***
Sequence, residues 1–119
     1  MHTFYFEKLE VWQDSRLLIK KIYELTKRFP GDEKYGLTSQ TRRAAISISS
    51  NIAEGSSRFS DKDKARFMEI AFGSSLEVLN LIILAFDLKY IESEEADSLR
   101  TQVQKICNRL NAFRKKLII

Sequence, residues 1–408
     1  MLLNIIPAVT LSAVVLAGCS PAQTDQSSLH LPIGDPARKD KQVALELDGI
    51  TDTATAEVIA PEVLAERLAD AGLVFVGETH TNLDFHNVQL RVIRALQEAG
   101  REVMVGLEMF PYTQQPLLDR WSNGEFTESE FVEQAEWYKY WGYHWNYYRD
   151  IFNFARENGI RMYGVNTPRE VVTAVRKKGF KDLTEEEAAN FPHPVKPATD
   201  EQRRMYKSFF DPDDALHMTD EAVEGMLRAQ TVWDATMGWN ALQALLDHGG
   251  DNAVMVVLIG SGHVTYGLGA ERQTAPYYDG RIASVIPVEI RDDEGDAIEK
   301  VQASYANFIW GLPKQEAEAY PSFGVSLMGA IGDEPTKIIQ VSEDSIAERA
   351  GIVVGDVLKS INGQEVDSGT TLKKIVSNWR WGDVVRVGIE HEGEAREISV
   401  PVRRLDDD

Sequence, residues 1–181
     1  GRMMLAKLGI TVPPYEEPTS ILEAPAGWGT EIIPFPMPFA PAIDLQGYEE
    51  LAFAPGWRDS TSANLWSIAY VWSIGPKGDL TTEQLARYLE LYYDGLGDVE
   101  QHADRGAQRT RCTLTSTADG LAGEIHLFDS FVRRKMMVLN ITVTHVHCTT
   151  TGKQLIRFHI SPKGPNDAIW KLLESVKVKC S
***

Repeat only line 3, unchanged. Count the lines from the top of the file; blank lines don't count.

    51  NIAEGSSRFS DKDKARFMEI AFGSSLEVLN LIILAFDLKY IESEEADSLR